Tatanka received all the marketing and merchandising that Steve Gatorwolf missed out on. Being an actual Native American from the Lumbee tribe definitely helped his cause. He was even given a Goldberg-esque undefeated streak that went on for like two years. The machine was definitely behind him, having me believe he actually had a shot at winning the Intercontinental Title from Shawn Michaels at WrestleMania IX. In what should’ve been his breakout moment, the WWE failed to have his gimmick pay off by not having him compete in the Survivor Series main event against The Foreign Fanatics. They kept a Native American wrestler off of a pay-per-view centered on Thanksgiving! Instead, Tatanka was replaced by The Undertaker on the All-Americans team, and this was before Undertaker’s American Bad Ass Gimmick.
Another standout moment for Tatanka was his passing of the torch ceremony on an episode of Raw, that had a Lumbee chief, Ray Little Turtle, present Tatanka with a full-length chief headdress. But what really reinforced the passing of the torch aspect was the presence of Wahoo McDaniel and Jay Strongbow. Other than feuding with Irwin R. Schyster over not paying a gift tax on said headdress, Tatanka did little worth noting afterwards. He did turn heel and align himself with Ted DiBiase’s mediocre stable, The Million Dollar Corporation. The most surprising thing from that development was that WWE didn’t have Tatanka use his newfound ties to become an evil casino owner or something terrible like that. Years later, looking to fill the Native American void, Tatanka returned to the WWE in 2005. He started out as a babyface and again turned heel towards the end of his run, but much like his first run he failed to leave any kind of lasting impression.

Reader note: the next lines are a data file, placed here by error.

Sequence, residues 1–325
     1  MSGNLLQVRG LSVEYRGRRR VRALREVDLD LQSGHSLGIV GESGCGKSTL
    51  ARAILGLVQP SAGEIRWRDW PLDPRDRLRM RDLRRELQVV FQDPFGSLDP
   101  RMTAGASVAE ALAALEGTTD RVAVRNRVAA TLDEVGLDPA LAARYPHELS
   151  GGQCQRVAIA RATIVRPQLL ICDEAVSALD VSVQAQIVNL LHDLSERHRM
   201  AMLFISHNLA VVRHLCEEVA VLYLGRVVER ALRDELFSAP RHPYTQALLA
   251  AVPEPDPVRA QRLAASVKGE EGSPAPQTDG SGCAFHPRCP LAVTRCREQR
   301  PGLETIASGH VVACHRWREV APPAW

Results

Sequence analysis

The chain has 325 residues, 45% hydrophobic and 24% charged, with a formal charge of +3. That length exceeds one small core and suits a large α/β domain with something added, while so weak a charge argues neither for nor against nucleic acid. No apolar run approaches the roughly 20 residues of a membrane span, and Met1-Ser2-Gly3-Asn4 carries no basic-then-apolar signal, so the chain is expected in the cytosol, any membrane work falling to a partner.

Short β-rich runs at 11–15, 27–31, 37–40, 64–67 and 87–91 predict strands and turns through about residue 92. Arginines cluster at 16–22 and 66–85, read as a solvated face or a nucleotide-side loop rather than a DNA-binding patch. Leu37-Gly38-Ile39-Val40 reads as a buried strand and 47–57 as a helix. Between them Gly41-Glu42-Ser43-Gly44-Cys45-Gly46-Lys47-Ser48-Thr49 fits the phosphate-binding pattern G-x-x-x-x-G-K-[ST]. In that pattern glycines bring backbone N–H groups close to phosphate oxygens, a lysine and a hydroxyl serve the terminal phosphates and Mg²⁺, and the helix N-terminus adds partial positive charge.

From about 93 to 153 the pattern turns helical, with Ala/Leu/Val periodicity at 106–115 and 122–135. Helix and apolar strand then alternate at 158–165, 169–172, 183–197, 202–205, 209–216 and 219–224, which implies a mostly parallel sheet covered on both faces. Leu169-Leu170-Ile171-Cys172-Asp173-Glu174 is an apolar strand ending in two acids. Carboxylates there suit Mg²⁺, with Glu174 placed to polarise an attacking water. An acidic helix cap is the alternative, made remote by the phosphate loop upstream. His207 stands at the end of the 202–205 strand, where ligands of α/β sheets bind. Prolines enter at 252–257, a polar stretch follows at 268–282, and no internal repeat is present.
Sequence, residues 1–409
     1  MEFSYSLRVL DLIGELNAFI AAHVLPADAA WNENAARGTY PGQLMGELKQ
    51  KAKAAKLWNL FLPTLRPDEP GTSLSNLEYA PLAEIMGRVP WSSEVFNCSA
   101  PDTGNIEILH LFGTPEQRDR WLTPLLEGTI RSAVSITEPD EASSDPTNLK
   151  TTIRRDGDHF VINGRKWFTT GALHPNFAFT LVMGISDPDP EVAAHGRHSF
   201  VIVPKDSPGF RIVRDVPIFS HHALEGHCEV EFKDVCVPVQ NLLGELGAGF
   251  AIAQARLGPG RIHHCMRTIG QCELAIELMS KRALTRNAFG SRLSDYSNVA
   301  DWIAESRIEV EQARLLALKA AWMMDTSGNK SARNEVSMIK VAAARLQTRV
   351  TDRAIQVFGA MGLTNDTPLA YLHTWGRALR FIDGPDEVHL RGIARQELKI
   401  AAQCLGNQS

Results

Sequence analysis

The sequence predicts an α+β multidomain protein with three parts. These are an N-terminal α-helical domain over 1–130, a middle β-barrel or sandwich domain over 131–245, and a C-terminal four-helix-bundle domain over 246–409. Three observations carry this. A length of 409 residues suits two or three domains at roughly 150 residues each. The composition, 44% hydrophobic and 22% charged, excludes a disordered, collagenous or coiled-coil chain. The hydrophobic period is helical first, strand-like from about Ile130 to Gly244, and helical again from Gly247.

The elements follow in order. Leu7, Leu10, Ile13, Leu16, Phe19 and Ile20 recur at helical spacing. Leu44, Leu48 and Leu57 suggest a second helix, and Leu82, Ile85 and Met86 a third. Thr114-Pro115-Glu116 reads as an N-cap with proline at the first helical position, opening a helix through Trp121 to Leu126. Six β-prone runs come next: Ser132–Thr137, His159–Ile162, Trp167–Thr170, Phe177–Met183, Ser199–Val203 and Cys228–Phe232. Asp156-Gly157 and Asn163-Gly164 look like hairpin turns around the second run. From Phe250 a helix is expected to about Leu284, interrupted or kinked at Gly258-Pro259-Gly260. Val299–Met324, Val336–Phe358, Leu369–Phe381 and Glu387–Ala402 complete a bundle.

Seeing as Tatanka left seven years ago, it’s easy to overlook whether a seemingly outdated Native American gimmick would work today. What would a modernized look for a Native American be? How much of their culture would need to be present before bordering the line on stereotypical? WWE has proven in recent years that the Samoan wrestler gimmick, another culture that in the past has been largely characterized as even more “savage”, can still exist without resorting to the stereotypes of long ago.
One need only look at Samoa Joe or The Usos, who have incorporated themes of their culture into their gimmick while being respectful and not making themselves out to be caricatures. The fact that they wear wrestling boots helps. Then there’s guys like Roman Reigns and The Rock who pay homage in their own way (like with their tattoos), but don’t really incorporate their cultural ties into their gimmick. This is similar to how the Brisco Brothers operated. But in terms of a gimmick that draws heavily on the cultural aspects of being Native American, what’s the appropriated respectful usage before falling into a stereotypical trap? Maybe the real question is, how many Native American grapplers are currently performing in order to find out? Despite them being a featured staple since the beginning of American pro wrestling on television, there no longer seems to be any notable Native American wrestlers left. At least, not any real ones.